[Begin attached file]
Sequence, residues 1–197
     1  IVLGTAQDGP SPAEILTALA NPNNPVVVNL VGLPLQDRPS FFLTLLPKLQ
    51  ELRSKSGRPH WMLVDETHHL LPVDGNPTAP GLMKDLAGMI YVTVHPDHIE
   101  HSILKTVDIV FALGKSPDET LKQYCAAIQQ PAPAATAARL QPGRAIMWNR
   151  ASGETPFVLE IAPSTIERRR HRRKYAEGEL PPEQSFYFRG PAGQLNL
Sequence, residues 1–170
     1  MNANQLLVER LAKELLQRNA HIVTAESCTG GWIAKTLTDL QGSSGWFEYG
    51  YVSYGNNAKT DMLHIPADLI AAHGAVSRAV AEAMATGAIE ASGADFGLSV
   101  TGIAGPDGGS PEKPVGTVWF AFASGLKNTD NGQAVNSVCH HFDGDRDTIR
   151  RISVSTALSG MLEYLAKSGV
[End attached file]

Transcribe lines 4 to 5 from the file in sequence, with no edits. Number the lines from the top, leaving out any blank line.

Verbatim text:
   101  HSILKTVDIV FALGKSPDET LKQYCAAIQQ PAPAATAARL QPGRAIMWNR
   151  ASGETPFVLE IAPSTIERRR HRRKYAEGEL PPEQSFYFRG PAGQLNL